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Durham e-Theses
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Socio-sexual behaviour in two groups of captive Bonobos (Pan paniscus): a description and functional analysis

Brown, Peter Α. (2005) Socio-sexual behaviour in two groups of captive Bonobos (Pan paniscus): a description and functional analysis. Masters thesis, Durham University.



This study is an investigation into bonobo socio-sexual behaviour in two captive groups, Twycross in Leicestershire and Planckendael in Belgium. There are four main areas of emphasis and these are reconciliation, tension reduction, social bonding and social status affirmation, which formed the four hypotheses. Both study groups had a similar range, frequency and distribution of socio-sexual behaviour across the sexes and ages. Differences were apparent both within each group and between them and also comparing data from other captive and wild studies. Socio- sexual behaviour occurs in many species, but it is the range of socio-sexual behaviour, frequency, and combinations of age and sex that are specific to bonobos. Quantitative data on socio-sexual behaviour were collected using all occurrences and scan sampling techniques, to test the hypotheses using SPSS for windows. The four hypotheses tested are as follows: Hypothesis I: Reconciliation is in the form of socio-sexual behaviours. Hypothesis II: Socio-sexual behaviours are a form of tension reduction. Hypothesis III: Socio-sexual behaviours are an expression of social status. Hypothesis IV: Social bonding is increased by the occurrence of frequent genital contacts. Results indicate that of the four hypotheses tested, two were relatively strongly supported by the data; these were tension reduction and social status affirmation. Of these, the evidence for tension reduction was the strongest. The hypothesis for reconciliation was not supported by the data, but the social bonding hypothesis was partially supported. Socio-sexual behaviour was particularly evident during feeding and agonistic interactions (although agonism frequency was low). Rank related sexual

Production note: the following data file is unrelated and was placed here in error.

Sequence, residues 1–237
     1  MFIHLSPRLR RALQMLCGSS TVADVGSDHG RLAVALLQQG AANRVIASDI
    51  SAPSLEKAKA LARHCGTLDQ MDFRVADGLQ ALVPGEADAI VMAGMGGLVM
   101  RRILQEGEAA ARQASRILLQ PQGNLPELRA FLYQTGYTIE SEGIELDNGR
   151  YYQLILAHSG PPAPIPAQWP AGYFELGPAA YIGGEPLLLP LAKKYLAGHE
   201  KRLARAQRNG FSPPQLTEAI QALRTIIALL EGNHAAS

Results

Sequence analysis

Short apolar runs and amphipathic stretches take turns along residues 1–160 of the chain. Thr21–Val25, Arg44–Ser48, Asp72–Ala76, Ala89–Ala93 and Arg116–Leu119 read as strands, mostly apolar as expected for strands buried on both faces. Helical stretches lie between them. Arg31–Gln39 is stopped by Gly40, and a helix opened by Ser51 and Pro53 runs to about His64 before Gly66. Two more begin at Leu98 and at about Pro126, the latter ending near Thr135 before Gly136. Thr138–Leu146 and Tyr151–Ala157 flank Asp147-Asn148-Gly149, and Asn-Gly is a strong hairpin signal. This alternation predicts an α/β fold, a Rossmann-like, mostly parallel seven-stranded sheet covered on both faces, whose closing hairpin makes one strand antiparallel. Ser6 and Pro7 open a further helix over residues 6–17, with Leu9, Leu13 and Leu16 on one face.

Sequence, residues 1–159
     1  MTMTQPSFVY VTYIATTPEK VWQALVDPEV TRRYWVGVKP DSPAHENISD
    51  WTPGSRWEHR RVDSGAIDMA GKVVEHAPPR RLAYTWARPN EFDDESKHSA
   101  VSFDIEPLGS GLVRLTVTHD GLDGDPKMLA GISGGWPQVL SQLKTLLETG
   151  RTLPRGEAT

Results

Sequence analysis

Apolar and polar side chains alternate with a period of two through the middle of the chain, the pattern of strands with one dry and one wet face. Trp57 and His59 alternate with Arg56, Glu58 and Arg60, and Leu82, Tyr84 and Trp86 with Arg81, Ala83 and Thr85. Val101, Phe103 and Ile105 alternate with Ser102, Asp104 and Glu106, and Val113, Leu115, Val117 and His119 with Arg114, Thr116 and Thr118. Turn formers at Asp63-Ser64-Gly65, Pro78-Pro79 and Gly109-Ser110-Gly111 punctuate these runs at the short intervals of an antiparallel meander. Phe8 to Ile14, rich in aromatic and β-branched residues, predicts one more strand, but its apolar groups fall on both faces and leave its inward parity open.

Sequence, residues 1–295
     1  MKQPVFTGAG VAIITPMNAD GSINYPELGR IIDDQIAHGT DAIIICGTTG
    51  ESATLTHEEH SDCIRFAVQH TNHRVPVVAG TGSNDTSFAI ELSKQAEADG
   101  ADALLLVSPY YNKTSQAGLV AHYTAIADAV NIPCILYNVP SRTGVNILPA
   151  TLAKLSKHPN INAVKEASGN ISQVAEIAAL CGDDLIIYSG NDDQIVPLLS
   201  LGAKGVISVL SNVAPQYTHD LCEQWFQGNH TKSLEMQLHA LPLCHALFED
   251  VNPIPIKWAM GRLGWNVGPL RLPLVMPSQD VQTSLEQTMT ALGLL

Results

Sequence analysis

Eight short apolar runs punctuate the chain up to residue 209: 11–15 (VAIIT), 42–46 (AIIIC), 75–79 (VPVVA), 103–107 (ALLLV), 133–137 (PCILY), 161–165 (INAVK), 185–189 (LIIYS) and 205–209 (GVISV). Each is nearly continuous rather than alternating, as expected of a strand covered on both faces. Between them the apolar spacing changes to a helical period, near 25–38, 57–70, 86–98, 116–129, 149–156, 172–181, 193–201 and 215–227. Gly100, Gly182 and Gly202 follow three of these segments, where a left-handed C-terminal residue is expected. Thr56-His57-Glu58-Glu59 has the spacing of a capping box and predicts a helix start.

Item Type:Thesis (Masters)
Award:Master of Science
Thesis Date:2005
Copyright:Copyright of this thesis is held by the author
Deposited On:09 Sep 2011 09:54

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